Check out EQ3′s curated selection of Marimekko fabrics at Fabrics are available in-store at EQ3 locations featuring a Marimekko shop in shop, and are sold by the metre, ready to be transformed into amazing accessories for the home. Don’t have time for sewing projects? That’s okay! Many of our shop in shops work with an in-house seamstress who will turn your fabric into drapery, toss cushions, tablecloths, or anything else you can dream up.


This Saturday, select EQ3 Marimekko shop in shops will be hosting a special in-store Tablecloth Event. Purchase your favorite Marimekko fabric by the meter and they’ll sew you a rectangle or square tablecloth for free! Tablecloths can be sewn in true Marimekko style (ie. leaving the two sides un-hemmed) or in more typical fashion (ie. all four sides hemmed).


Also, starting Thursday, save 25% off all Marimekko Fabric in the shop. Sale ends Monday, April 14th.






Event runs Saturday, April 12 from noon until 3pm local time.

Participating EQ3 Marimekko Shop in Shops: Toronto – Hanna, Toronto – King Street, Ottawa, Winnipeg and Emeryville CA.

Herman Miller’s Shell Shorts: A Concise History of the Eames Shell Chair

Apr 6, 2014


We’ve been loving the latest installments of WHY, the online essay series from EQ3+ partner Herman Miller exploring why they do what they do. WHY’s most recent essay, Shell Shorts, condenses 70 some years of Eames Shell Chair history into just a few short paragraphs.


It sounded like an impossible task, but they did it!




“The story of the Eames Plastic Shell Chair really began more than ten years prior to Charles and Ray’s 1950 debut of their now iconic design…”¹ says Amber Bravo in the opening paragraph of her essay Shell Shorts.


Bravo goes on to look at the Eameses initial attempts at shaping plywood, their work with fiberglass for the original Eames Shell Chair, and then their move to molded wood and polypropelene alternatives when the original fiberglass version was deemed unsafe to produce. Bravo brings the story full circle with mention of Herman Miller’s newly reintroduced and environmentally safe Eames Fiberglass Shell Chairs, which were released last month.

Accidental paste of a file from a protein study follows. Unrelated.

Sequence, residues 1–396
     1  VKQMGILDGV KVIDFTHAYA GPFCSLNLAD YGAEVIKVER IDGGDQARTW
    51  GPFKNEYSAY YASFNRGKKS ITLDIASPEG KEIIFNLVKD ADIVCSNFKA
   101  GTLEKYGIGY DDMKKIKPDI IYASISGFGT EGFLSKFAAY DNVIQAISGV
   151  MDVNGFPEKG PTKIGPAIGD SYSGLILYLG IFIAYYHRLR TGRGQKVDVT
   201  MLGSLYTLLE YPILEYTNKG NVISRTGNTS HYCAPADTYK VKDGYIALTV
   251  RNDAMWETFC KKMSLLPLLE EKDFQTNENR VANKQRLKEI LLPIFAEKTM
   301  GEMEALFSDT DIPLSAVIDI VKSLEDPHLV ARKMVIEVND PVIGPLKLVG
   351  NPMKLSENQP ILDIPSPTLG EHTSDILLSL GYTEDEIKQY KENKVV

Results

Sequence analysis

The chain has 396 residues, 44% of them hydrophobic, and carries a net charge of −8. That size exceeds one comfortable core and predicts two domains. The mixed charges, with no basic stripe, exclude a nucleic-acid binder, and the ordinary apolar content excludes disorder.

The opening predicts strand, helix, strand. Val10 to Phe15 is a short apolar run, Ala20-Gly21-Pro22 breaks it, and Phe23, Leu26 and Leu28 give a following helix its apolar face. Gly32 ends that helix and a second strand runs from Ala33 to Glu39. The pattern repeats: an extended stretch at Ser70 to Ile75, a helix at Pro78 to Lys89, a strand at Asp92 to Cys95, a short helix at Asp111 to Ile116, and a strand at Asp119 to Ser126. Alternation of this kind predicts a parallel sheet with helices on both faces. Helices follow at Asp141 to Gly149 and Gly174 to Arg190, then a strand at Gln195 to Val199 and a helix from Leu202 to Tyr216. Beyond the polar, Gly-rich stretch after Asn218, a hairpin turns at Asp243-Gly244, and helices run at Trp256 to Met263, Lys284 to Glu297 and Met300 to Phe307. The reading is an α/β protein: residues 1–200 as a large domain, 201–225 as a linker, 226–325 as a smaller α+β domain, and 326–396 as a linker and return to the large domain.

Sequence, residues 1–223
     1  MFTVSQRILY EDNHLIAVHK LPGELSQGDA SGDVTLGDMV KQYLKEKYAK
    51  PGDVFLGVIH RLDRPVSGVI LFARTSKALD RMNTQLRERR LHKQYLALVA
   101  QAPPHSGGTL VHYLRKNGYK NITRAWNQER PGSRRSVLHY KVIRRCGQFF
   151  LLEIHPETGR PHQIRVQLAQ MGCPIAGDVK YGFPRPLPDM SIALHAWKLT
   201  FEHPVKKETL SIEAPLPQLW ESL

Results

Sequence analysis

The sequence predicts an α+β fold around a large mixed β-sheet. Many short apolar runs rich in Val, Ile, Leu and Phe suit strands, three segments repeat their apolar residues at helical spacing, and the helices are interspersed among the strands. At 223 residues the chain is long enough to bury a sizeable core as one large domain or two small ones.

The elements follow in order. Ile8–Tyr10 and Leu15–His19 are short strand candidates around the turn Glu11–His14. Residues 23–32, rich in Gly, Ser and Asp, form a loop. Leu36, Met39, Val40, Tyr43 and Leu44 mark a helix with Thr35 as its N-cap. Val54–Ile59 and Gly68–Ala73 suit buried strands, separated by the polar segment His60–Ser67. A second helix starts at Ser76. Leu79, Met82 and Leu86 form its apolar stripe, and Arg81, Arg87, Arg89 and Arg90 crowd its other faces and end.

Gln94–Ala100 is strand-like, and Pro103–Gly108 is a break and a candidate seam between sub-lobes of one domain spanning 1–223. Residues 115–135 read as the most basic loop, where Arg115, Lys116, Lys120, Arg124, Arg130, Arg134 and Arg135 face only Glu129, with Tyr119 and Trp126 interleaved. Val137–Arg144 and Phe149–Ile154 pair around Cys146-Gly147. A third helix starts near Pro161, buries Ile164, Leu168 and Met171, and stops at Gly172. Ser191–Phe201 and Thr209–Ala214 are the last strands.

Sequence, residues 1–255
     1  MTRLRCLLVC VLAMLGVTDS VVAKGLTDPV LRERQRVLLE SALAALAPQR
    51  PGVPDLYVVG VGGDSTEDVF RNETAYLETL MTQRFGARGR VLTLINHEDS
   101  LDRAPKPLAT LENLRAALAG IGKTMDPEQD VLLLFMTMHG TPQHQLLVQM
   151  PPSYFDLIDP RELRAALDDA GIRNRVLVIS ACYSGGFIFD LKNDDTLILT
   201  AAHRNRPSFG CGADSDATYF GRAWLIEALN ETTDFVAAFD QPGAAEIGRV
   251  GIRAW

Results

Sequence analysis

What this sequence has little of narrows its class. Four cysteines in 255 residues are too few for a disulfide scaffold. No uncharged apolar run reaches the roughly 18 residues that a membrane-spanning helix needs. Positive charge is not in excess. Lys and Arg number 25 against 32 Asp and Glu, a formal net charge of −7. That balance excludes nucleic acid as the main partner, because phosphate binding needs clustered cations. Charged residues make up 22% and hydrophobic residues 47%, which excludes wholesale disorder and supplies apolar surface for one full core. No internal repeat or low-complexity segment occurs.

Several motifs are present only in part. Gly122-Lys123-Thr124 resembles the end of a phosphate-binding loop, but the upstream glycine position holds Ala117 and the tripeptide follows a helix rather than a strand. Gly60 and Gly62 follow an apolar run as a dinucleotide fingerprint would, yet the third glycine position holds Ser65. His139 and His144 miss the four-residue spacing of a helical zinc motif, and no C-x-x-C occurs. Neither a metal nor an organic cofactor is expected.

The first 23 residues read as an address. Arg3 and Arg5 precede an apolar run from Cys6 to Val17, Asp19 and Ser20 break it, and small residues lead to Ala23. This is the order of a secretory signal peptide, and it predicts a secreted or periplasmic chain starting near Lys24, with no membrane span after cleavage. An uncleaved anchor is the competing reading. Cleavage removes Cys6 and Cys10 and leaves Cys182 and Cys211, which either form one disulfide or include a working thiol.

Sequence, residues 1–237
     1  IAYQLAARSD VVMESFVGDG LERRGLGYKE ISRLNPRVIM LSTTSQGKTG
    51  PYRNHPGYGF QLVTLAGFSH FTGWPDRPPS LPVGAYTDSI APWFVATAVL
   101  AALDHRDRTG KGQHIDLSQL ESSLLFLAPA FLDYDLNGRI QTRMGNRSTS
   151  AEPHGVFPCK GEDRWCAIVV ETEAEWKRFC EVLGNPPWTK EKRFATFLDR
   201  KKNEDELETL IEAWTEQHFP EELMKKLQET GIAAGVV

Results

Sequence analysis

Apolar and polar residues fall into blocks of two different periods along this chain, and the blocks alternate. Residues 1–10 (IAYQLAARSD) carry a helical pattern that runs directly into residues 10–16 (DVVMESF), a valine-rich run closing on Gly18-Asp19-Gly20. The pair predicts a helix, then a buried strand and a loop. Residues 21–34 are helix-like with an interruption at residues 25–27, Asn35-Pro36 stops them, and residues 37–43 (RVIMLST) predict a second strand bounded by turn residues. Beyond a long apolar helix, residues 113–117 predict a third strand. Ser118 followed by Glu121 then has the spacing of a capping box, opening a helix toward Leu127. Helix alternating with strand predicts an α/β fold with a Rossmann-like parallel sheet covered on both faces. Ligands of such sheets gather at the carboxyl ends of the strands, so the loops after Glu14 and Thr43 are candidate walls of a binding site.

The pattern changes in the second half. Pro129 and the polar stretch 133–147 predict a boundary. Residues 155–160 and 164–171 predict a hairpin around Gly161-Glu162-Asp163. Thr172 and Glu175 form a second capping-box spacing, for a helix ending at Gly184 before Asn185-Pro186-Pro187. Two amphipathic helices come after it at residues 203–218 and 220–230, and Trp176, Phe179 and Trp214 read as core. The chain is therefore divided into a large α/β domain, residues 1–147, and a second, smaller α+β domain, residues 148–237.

A set of 12 Eames gifs (you’ve got to see these gifs!) accompany the post, offering a fun look at the fiberglass production process. The gifs act as movie trailers for a series of Instagram videos that Herman Miller released earlier this week. Follow @HermanMiller on Instagram to watch all 10 Shell Shorts.



1., WHY: Shell Shorts, written by Amber Bravo for Herman Miller.

Music Library: Thom’s Tunes

Apr 4, 2014


We’re always interested to learn how creative people go about their work. How do they get their creative juices flowing?


For many designers, music is a way of tuning out the world and finding inspiration. This certainly is the case for Thom, EQ3′s Creative Director. When he’s not in meetings or doing store visits, you can usually find Thom at his computer with ear buds in and the music playing.


Here’s 13 tracks that Thom’s currently listening to while he works. May they inspire your work day too!



PLAYLIST 04.04.2014




01. Under the Pressure | The War on Drugs

02. Blue Moon | Beck

03. Crime | Real Estate

04. Remember Our Days | Lotus Plaza

05. Hero of the War | Scott Walker

06. Heavy Stones | Cad VanGaalen

07. Queen Jane Approximately | Bob Dylan

08. Air Conditioning | DIIV

09. Black Rice | Women

10. Hospice Gates | Lower Dens

11. Out Getting Ribs | King Krule

12. Swept Inside | Future Islands

13. Before the Bridge | Future Islands


Album cover art by Alex, EQ3 Graphic Designer

Freebie: Printable April Planner

Apr 1, 2014


The April printable planner is now available! This month’s free printable features a close up of EQ3′s Eve Sofa (you can learn more about Eve here).


Click here to download and print the April Monthly Planner.




Feature Image: Eve Sofa detail


Note: This calendar is intended for personal use only. Print it, enjoy it and share it with your friends! However, commercial use and distribution of this calendar for profit is strictly prohibited. Thanks for your cooperation.